The next scene we see him running around he's carrying a shotgun with his finger on the trigger?
...someone explain this to me.
[blackout]Throwing the gun away[/blackout] was a bit much, but I liked the idea of him reflecting on the senselessness of the violence and death as a moral undercurrent of the story, rather than a 'what did I do?' type of thing.
Why would you think that isn't the first time he used a gun on somebody. He took a gun to the hospital because the people after Gordon have guns and what else is he gonna do? He obviously didn't like it, but he's not going to let Gordon die just because he isn't a fan of guns.
Though it isn't verbally expressed, it's pretty obvious that was the first time he had ever killed a person before...and he didn't like the way it felt.
Despite that, at this point in the film, he is still a cop and has not decided to leave his job behind. Gordon was in danger and he raced to save him with what he had at his disposal. He had to.
It's not as if he already had access to Batman-like tech. The fact that he felt so guilty after killing those people was one of the first inklings of his changing mindset about himself and his job.
Yeah, I would imagine most police officers (good ones anyway) who are forced to kill someone for the first time, are going to have a similar reaction, regardless of how often they might have had to run around with their guns drawn. Perhaps in normal circumstances, he wouldn't have been so quick to run around with a gun afterward. But I think that, given how drastic the situation was, it just felt like the natural thing to do, despite the guilt of what had just happened.
One of the main actions of being a cop is adapting to gunfire and learning to use one. Gordon doesn't use it that much but think of all the times Gordon has drawn his gun out in defense and to show his force...to Bruce Wayne twice in Batman Begins (FREEEEEZE!) and in The Dark Knight (IIII HAVE TO SAVE DENT!)...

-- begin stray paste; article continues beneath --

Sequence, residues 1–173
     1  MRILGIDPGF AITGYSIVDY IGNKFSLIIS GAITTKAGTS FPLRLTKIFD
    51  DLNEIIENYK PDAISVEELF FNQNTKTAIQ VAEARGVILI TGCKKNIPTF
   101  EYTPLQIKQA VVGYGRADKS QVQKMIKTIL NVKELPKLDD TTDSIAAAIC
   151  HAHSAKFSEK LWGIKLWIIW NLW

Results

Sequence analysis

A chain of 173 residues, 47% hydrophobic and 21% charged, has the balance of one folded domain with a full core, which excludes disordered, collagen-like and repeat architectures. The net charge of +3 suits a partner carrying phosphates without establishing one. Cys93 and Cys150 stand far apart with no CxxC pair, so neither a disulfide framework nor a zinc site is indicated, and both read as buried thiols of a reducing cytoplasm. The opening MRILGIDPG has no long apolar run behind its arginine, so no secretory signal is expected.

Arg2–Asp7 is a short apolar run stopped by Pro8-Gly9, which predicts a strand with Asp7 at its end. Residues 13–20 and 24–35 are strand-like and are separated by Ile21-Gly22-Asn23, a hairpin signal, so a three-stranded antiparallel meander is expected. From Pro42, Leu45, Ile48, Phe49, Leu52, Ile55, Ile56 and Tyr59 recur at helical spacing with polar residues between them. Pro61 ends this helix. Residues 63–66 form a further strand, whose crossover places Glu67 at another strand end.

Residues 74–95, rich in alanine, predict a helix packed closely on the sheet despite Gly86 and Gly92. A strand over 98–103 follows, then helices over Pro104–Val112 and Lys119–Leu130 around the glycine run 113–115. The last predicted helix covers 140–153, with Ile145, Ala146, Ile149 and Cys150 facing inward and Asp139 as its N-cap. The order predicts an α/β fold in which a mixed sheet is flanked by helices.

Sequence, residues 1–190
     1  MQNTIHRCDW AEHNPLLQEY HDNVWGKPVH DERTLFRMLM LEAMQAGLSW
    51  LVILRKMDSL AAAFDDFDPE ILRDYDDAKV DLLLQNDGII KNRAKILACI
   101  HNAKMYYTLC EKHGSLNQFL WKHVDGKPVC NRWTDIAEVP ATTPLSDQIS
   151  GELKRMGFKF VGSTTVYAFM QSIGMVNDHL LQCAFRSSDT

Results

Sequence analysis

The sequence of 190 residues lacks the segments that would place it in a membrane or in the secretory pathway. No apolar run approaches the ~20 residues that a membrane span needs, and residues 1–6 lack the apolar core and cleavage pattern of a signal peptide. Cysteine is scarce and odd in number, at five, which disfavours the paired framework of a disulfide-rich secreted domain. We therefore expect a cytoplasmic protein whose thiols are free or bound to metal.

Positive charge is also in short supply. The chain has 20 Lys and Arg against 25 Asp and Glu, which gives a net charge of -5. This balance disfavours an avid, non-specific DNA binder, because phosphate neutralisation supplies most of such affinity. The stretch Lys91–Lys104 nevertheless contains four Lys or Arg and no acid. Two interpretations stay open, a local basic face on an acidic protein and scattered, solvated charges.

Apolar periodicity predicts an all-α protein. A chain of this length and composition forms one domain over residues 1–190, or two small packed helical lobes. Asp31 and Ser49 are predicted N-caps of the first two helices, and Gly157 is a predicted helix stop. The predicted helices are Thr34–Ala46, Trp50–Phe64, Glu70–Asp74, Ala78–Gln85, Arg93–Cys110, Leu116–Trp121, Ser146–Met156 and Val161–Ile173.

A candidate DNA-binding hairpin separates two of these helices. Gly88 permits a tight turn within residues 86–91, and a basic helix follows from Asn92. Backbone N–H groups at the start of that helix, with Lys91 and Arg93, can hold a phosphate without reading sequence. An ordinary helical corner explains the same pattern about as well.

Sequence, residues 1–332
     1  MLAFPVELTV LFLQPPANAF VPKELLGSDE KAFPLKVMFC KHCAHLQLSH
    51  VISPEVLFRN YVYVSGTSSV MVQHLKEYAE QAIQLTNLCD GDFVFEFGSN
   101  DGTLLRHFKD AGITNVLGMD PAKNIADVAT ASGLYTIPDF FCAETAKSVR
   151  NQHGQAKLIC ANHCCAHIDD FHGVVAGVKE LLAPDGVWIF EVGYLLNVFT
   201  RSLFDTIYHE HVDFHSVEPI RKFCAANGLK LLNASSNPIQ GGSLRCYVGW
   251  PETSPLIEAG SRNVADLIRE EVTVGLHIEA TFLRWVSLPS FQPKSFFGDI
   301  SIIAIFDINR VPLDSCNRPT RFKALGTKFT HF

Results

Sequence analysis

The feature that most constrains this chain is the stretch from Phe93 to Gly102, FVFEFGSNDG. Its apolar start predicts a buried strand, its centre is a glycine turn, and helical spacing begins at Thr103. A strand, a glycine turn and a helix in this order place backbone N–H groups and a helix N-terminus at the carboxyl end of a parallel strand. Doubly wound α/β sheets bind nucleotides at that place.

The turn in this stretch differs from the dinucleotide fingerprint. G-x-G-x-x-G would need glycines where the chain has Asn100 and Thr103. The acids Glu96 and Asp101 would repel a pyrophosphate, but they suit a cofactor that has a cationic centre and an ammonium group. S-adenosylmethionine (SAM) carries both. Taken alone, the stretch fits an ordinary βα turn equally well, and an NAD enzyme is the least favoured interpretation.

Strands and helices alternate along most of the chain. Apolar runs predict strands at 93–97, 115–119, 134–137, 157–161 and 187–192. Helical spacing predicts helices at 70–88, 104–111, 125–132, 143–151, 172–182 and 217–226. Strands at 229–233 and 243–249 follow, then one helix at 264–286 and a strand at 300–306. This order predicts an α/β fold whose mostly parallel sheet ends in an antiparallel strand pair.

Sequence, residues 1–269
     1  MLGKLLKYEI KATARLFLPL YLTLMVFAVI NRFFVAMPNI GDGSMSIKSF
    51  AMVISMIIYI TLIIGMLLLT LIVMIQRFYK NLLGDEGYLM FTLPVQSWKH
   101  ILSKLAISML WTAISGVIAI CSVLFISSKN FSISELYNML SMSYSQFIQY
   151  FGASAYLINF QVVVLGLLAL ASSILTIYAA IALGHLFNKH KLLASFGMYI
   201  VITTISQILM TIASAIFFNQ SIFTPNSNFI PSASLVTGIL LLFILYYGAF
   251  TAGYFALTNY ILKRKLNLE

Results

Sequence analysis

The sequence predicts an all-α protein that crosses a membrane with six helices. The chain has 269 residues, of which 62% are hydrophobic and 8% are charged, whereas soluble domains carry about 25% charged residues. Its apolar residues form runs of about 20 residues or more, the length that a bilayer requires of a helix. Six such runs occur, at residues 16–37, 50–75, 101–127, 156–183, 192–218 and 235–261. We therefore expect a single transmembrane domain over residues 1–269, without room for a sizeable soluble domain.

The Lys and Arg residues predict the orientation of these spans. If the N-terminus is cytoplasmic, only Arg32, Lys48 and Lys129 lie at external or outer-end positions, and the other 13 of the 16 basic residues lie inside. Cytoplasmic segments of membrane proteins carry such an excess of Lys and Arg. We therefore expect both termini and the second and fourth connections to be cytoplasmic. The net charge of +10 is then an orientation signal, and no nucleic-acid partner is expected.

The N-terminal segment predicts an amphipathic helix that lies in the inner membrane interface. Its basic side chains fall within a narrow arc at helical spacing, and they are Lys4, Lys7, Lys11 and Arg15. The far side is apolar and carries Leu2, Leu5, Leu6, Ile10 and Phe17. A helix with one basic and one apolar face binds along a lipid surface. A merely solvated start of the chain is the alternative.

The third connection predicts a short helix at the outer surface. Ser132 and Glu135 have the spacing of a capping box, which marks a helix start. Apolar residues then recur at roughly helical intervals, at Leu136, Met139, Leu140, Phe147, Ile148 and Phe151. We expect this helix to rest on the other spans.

I'm sure Gordon has shot men in his life...as I'm sure Blake has. I just didn't care for the fact he throws off the gun and then has a more powerful weapon in his hands to save Gordon.
Why? He's a regular beat cop in a city without organized crime. "Pretty soon we're gonna be chasing down overdue library books."
Obviously, i'm not a cop. But I would presume that its one thing to shoot at a person and another to actually kill one.
Hence why I too assumed that Blakes reaction made it clear it was the first time he ever took a life. And he hated that feeling.
Uh, Gordon is a seasoned veteran who has already faced countless criminals, not to mention Scarecrow, the LOS, and the Joker and his men. It's much more likely for him to have killed before (which he has) than for Blake, the rookie cop...
It's not about being comfortable shooting a firearm. It's about being comfortable killing someone with one, even in self defense. Later, to Blake, Batman proves to be a demonstration of what one man can accomplish without resorting to guns.
Ding ding ding.
They were in denial all those years because of one quote talking about how Nolan didn't want to do Robin, meaning the Robin seen in the Schumacher movies, and the detractors pinned their entire argument on this.
Blake dragged the movie down and ate up valuable screen time that could have been spent on more worthy characters. I swear he was a bigger presence in this movie than Bane, Catwoman, Gordon, Alfred and Lucius.
Because he was this series' Robin, so it made sense for him to have a big role.